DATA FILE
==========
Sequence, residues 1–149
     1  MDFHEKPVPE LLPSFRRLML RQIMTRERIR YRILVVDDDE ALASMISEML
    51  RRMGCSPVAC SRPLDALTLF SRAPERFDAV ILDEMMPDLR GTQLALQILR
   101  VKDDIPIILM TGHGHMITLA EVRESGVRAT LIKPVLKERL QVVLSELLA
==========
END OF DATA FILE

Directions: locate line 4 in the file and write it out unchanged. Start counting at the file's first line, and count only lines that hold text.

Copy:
   101  VKDDIPIILM TGHGHMITLA EVRESGVRAT LIKPVLKERL QVVLSELLA